The art of pigeon racing: one man's love of an unusual sport

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Dwight Morgan, a chef by trade, is living out his dream of owning a farm.

"When you come through those gates," said Dwight, "it's like a part of paradise."

He’s got sheep, cows, goats, horses, but his most prized possession is pigeons, dozens of them. Not the kind you normally see, but homing pigeons.

“It’s like therapy for me,” said Dwight. “Many times, when things are not going right, and you go into the loft and they coo... the sound it's like a soothing sound they make.”

His favorite pastime with the pigeons is racing them.

“When I first heard of it the first time,” said Dwight, “What's that? Where's the finish line? Where do you start? Who wins?"

It does take some explaining. The competing birds are driven from their lofts to a start point, hundreds of mile away. They are released all together and race back to their own home. The birds are banded so the exact distance and time each bird touches down are registered on a computer. It then calculates the individual speed and determines the winner.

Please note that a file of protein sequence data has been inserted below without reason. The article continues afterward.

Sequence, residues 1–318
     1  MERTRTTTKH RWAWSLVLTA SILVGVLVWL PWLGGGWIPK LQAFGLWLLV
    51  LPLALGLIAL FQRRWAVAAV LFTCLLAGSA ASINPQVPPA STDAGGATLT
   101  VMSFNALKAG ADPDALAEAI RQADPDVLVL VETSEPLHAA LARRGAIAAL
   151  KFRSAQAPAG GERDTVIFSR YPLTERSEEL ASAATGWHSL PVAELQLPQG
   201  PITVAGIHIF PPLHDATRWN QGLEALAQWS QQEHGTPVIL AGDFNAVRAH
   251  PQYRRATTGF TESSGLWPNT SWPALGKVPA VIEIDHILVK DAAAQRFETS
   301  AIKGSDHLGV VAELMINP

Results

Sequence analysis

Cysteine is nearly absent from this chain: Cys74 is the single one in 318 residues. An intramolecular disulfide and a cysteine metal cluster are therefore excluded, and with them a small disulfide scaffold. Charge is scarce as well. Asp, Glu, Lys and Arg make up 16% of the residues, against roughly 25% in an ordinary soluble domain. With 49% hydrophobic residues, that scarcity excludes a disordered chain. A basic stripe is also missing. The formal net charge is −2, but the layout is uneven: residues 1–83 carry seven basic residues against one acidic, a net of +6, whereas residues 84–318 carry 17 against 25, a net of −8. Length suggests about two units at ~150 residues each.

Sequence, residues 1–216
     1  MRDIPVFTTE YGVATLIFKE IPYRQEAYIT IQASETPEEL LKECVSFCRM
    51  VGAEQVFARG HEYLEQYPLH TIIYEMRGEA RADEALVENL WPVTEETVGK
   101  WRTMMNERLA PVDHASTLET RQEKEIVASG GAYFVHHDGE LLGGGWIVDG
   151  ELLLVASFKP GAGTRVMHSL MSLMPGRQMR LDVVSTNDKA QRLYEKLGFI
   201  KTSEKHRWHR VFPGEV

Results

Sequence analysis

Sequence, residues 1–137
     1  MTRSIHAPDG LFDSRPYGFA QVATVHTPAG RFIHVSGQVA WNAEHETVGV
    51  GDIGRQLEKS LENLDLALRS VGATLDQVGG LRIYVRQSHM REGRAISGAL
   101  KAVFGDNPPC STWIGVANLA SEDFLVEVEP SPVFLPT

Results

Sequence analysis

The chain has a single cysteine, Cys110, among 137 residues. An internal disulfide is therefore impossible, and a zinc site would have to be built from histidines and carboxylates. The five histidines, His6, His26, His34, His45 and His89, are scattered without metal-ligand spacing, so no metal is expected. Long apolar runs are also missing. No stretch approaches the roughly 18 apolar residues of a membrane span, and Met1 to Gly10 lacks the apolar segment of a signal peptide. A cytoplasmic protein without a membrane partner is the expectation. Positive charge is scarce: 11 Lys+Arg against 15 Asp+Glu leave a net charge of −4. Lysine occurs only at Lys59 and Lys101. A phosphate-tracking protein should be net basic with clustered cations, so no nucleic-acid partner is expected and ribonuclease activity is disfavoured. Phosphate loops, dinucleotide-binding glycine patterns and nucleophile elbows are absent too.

“So it’s not what you say, it’s what the computer says, and so that's the fun part,” said Dwight.

With racing season just around the corner, Dwight’s birds are in serious training. Every day, Dwight flies them, three or four hours a session, building up speed and endurance, and practice finding home.

“The ability is already there,” said Dwight. “But we’ve got to push them to get better. This is what makes them so intriguing, nobody can figure out really, scientifically, what makes them come home.”

Dwight, now president of a local pigeon club, has been breeding and racing the birds for about twenty years. While he is fascinated by his feathered friends, Dwight admits that pigeons have a bit of a PR problem.

“The stigma is they’re dirty,” said Dwight. “They're always a nuisance, they're in the city, they poop on everything.”

But homing pigeon by homing pigeon, Dwight hopes people will come to appreciate their beauty, grace and brain power.

“They’re very intelligent,” said Dwight. “They’re very smart, because if a bird can remember home 600 miles, 700 miles from home, you tell me, humans we need GPS to find around the block, and we go places over and over before we finally get it right.”

For Dwight and his fellow pigeon fanciers, he says they're the ones getting it right.

“You know it’s just until you get into it, then you realize it’s fun. A lot of fun! I love that about the sport, bringing people together. You know we have differences like family feud, we have arguments and stuff, but the beautiful thing is that at the end of the day, it's all about the pigeon.”

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